POINT BAR (ABOUT 8 MILES DOWNSTREAM FROM SALIDA ON HWY 50)
This is a BLM public access area. It is open to all recreational prospecting equipment, but you will need to get a permit from either the BLM or Forest Service to use any motorized equipment. There is no motorized equipment allowed between October 1st and April 1st. The area is usually accessable all year. The gold here is very small (flour) but you will find gold just about every time you pan here. There is a lot of black sand, and you will need to work pretty hard for the gold you get.
Access is from either Howard or Wellsville. If you access it through Howard, you will need four wheel drive where the road crosses Badger Creek. During the spring runoff, the water in Badger Creek may be deep enough to keep you from being able to cross. Also, the water does come all the way up to the road at times during the runoff. You need to drive through the creek and then up a steep bank. You get on the road by crossing the bridge in Howard, and then taking the road to the immediate left. The road follows the river all the way from Howard to the Point Bar area. The other access is from Wellsville. If you look at the directions for getting to the Let's Go Gold Panning Days, you will see how to get to Point Bar. In 2001, the BLM built an all new section of raod to access Point Barr from Wellsville. It's where the old dangerous area used to be just before the gate. (By the way, you need to close the gate behind you when you pass through it.) Since this new road improvement has been done, it is very easy to access the area.
CLEAR CREEK (NORTH OF GOLDEN ON HWY 6)
This area is private property that is graciously opened to the public by the owner. Please remember to respect that owner by cleaning up after yourself. The area is open to recreational prospecting equipment. There are no permits needed to operate motorized equipment. The area is not very large, and most of the open area is on the side of the creek where you and everybody else will be parked. There are some people that cross the creek and work on the other side, but at times the water is deep enough and swift enough to make moving any equipment across the creek very difficult. There are small flake size pieces of gold and occasionally you will find bigger flakes. I have had some people tell me they got 1-2 pennyweight nuggets and larger, but I have never seen it done while I was up there.
Access from Golden is on Hwy 6. Head upstream (Northwest). You will pass through three former railroad tunnels. After the third tunnel, you will go just about two miles. You should notice a pulloff on the left side of the road, that's the place. There are some tailing piles there. Be careful, as there is a lot of traffic on this road due to travel to Blackhawk and Central City (Casino towns).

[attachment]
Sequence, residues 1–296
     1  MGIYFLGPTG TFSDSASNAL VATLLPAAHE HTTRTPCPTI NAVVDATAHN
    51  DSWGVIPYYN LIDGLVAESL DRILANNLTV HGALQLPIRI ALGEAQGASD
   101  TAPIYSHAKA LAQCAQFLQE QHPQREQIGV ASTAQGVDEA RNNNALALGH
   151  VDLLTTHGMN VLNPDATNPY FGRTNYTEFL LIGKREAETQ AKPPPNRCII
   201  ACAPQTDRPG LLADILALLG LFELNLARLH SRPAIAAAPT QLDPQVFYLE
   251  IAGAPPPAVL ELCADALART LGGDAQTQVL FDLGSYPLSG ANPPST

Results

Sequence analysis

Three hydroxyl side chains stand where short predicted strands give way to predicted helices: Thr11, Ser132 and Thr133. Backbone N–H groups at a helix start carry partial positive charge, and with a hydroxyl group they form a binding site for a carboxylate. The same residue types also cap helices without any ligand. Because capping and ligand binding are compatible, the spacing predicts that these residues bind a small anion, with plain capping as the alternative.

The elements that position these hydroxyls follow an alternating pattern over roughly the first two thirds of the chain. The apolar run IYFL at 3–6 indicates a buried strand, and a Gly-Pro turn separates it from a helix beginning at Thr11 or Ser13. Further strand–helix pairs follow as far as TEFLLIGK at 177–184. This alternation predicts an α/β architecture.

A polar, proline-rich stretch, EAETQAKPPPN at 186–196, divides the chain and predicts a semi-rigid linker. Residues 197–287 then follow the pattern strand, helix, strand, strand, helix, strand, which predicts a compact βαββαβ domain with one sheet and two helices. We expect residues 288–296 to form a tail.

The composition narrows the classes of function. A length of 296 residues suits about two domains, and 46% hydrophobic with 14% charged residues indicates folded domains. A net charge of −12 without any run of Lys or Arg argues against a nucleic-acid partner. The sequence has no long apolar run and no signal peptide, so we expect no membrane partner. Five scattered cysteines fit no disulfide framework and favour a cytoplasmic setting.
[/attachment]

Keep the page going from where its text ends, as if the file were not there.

FAIRPLAY BEACH (TOWN OF FAIRPLAY ON THE SOUTH PLATTE RIVER)
This is a pretty good lace to pan. You can NOT use any motorized equipment here, panning and sluicing only. THE TOWN OF FAIRPLAY HAS DECIDED IN 2001 TO CHARGE A HORRENDOUS FEE TO PROSPECT THE BEACH. IT'S NOW $15 A DAY!!! The area is open from about March through December, depending upon the ice on the river. The gold here is various size flakes, some coarse pieces, and occasional small nuggets.
Access is by a road which comes off of Hwy 285 just on the South side of the river (across from the Texaco), just South of the intersection of Hwy 285 and Hwy 9. There is a sign for Fairplay Beach. Depending upon the runoff, you may need to park on the road and walk down to the area.
The only two other places I know of that are public access are in city parks. One is in Golden at the baseball field park. You can pan in the creek (Clear Creek), but you obviously can't dig in the bank or the ground around the creek since it is city park. The other place is in Conflunce Park in Denver. It's where Cherry Creek pours into the Platte River. Same deal here, you can pan in the streams, but you can't do any digging in the park. The water in the Platte River at this place stinks. I mean literally stinks. The pollution or spill from the sewage treatment plant or whatever makes this a very unpleasant experience. There might be a little gold to find there, but with the odor and the fact that you can't do much digging, this spot is none too inviting.
That's it. If you are planning a visit to Colorado to do any panning, my suggestion is to join a club so you have some gold bearing ground to dig in. These free areas are well worked, and really don't offer up too much gold. That's sort of the reason for clubs existing, to obtain claims that are for the exclusive use of the members. It keeps the areas from being swarmed with people and overworked. Remember, GPOC has no interest in any of these free places as a club. We only provide these directions as an alternative for people that decide to not join a club. We sure don't make any guarantees or promises that you will find gold at any of these places, but we don't even make that claim about our own club claims. Gold is where you find it. Happy hunting.
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The page contained so much useful information not duplicated elsewhere that I had to grab it from historical web archives. I could not find another source of this information. The original page is from March 2005. Information may be out of date. Check with local groups and governing authorities before proceeding.
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